Introduction: Truncated Icosahedron Kumiko Lamp

About: Hi, I'm Brian. My goal is to make fine woodworking — and especially Japanese kumiko woodworking — accessible and fun.

This lamp is something I've had on my mind for a while. I'm going to be honest: It's not for the faint of heart. But if you have experience with kumiko — or are just really bold — I think you could do it.


Step 1: Mill the Lumber

The first step is to mill your lumber to 1/2" by 1/8" strips. I do this by planing my 1" basswood lumber to 1/2", then cutting that board into thin strips between the table saw blade and the fence. I actually have another Instructable on this very process, so I won't go too in-depth here. Once you have your strips, you can move on.

If you're using the 1/8" pre-milled basswood strips, you can skip ahead to Step 2.

Step 2: Cut the Crosslaps

For this project, we need 20 hexagons, which means 420 crosslaps in all. There's actually two types: tall and short. The tall are cut about 2/3 of the way through the piece and are cut on both fences, which makes this point in the thickness of the strip that you can see in the image. The short laps are cut 1/3 of the way through, then flipped to cut 1/3 on the other side of the strip. In all, cut 280 tall laps and 140 short laps.

I also have an Instructable on building this hexagonal kumiko sled if you want to know more about it.

Step 3: Make the Hexagonal Kumiko Grids

The way these grids fit together is pretty cool. You will need:

  • 2x type A with 3 notches
  • 1x type B with 3 notches
  • 4x type A with 2 notches
  • 2x type B with 2 notches

(image 1)

First, take one three-lap type A piece and put glue into the laps.

Then, take the three-lap type B piece and connect the center with the center lap on A to make an X shape. (image 2)

Afterward, attach the two-lap type B pieces to the type A strip, making this sort of backwards uppercase N shape (image 3).

The whole thing gets locked together with the second three-lap type A strip, which forms two triangles that point to each other. (image 4)

From there, just attach the two-lap type A pieces on the outsides, then flip and add the last two two-lap type A pieces. (images 5 and 6)

Finally, once the glue has dried, cut the excess away with a hand saw.

Step 4: Make the Kumiko Patterns

I would recommend using the basic Asanoha pattern. It's striking, but only requires bevels on the ends of the pattern pieces and nothing more. There are 360 individual pattern pieces, so choosing a pattern that is complex could mean a lot of extra work.

Cut all 360 individual pattern pieces slightly oversized.

Bevel the 30 degree ends

Using the 30 degree side of a 30-60 kumiko jig, bevel a 30 degree angle on each side of one end of the infill pieces. This is easily done with a chisel or one-handed plane.

Bevel the 60 degree ends

Now's the critical part. You want all three of these infill pieces to meet at the exact center of the triangle. This means they all need to be the exact same length, with 60 degree bevels on each side.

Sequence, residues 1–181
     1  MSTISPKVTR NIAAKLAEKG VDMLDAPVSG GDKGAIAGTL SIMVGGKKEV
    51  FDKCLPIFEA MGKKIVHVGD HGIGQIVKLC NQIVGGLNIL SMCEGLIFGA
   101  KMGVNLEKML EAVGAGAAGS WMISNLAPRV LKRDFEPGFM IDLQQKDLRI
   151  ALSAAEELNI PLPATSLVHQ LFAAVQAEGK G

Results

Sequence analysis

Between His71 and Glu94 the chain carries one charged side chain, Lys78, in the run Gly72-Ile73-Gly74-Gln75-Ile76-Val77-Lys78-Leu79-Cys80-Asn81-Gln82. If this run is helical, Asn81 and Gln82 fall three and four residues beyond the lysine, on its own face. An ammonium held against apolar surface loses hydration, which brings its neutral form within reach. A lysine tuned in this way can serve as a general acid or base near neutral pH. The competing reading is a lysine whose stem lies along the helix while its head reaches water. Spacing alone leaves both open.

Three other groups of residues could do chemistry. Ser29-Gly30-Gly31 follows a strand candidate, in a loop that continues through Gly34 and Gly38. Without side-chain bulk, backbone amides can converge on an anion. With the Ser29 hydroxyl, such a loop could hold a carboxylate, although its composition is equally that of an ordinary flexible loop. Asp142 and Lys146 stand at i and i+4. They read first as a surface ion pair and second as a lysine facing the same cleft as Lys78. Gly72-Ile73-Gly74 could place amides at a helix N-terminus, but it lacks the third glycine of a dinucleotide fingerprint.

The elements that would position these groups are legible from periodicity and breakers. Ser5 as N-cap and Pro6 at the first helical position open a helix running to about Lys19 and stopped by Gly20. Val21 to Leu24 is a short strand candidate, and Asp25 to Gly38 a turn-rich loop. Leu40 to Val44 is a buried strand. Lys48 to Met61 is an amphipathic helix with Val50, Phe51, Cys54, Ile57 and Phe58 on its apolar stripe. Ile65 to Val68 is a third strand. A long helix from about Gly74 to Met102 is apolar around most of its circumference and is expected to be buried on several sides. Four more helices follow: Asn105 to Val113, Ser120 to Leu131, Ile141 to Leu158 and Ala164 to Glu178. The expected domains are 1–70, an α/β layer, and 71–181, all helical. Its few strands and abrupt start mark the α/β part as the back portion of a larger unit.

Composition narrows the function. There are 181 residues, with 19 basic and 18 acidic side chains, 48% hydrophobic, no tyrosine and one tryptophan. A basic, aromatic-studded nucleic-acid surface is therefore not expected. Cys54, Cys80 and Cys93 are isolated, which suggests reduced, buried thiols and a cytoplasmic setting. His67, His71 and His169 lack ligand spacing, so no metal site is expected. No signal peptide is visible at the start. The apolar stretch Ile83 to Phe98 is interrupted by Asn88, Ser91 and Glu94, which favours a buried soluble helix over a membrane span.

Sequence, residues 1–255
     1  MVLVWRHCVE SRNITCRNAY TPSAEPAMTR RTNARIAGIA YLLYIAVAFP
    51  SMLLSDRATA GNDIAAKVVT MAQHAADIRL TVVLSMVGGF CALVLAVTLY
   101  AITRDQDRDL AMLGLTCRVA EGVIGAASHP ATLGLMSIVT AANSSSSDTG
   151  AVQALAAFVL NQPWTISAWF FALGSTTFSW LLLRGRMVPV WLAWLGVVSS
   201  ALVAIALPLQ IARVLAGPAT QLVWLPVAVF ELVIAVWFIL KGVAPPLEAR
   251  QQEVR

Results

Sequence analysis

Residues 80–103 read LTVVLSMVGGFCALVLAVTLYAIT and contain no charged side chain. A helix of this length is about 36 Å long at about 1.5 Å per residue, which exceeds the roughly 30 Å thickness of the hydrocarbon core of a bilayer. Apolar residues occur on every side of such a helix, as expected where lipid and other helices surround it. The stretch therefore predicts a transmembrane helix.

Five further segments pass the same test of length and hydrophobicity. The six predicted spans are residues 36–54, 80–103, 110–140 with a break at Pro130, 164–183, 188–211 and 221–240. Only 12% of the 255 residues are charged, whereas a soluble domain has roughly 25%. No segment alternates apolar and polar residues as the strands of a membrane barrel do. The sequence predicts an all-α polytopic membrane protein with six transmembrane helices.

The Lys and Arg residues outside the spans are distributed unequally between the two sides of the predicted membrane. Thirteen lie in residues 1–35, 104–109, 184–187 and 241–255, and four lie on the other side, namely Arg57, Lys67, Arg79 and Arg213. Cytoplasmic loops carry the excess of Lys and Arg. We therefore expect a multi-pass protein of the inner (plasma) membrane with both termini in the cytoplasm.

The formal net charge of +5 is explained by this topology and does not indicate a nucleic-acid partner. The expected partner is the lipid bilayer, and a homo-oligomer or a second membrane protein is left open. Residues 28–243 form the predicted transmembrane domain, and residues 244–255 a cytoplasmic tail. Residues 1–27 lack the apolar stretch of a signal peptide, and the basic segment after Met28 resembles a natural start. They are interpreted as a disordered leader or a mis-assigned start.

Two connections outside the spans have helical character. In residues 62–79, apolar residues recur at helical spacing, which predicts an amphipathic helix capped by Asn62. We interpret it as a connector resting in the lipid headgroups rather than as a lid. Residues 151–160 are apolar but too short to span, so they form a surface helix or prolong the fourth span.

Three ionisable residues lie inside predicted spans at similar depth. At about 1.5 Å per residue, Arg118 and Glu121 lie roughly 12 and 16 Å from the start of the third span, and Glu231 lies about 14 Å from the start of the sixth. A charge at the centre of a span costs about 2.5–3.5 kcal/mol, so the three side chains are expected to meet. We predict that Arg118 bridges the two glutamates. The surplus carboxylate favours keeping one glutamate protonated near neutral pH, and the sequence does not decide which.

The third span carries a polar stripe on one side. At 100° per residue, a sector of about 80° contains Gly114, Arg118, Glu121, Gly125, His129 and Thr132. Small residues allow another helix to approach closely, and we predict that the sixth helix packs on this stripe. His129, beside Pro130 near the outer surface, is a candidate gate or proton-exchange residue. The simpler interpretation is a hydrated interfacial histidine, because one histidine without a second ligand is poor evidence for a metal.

The easy way to do this is to sneak up on the fit, intentionally taking less than you think you need until you get a nice friction fit. Once you get the dimension for one triangle, you can lock the settings and bang out the rest.

Glue the patterns

It's not entirely traditional to glue the patterns, but it really helps with structural rigidity, so I'd recommend it. Normal wood glue works here.

Step 5: Bevel the Dihedral Angles

Dihedral angles is a fancy term for the angles at which the hexagons meet. This is a truncated icosahedron, which has 12 pentagonal faces and 20 hexagonal faces. It also has specific angles the faces must adhere to. For the lamp, I’m really only going to need the hexagon-to-hexagon meeting angle, which is 138 degrees.

To get this angle, you need to cut bevels on the outside of the patterns — on 3 faces per pattern, to be exact. The easiest way to do this is with a table saw jig. I whipped up a quick one using MDF and some stop blocks, before setting the table saw to 69 degrees (half of 138 degrees) and making cuts. Check out the last picture to see the angle these bevels allow.

Step 6: Glue the Panels Together

This is, by far, the most difficult part of the project. You need to glue these hexagons together. I used CA glue for a quick bond, wood glue for a permanent bond, and then a spring clamp to hold the panels together while gluing.

Just take your time with this.

One thing that really helped me was to import a truncated icosahedron into Sketchup so I could move it around and look at the faces. I'd recommend that or something similar so you can see what you're looking to achieve.

Note: if you're going to paper the panels, look ahead to the next step. You won't be able to attach paper with the polyhedron assembled.

Step 7: (Optional) Paper the Panels

If you're going to put paper behind the panels, do it before the panels are all assembled. I stopped when I had these four-panel shapes (images 1 and 3), and they were very easy to apply paper to.

I simply used handmade mulberry paper and some 3M Super 77 spray adhesive and had no trouble papering the panels.

Once done, assemble the rest of the lamp shade.

Note: the pentagon shapes were quite difficult to paper over and it had to be done with the shade fully assembled. Consider adding no paper to the pentagon areas if you're not comfortable with this.

Step 8: Light It Up

Using any lamp base of your choice, install the lamp shade over it and stand back to admire your work. The lamp base I used was from an older Menu lamp, but pretty much anything that has a relatively narrow and short bulb socket should work.

Lighting Challenge

Second Prize in the
Lighting Challenge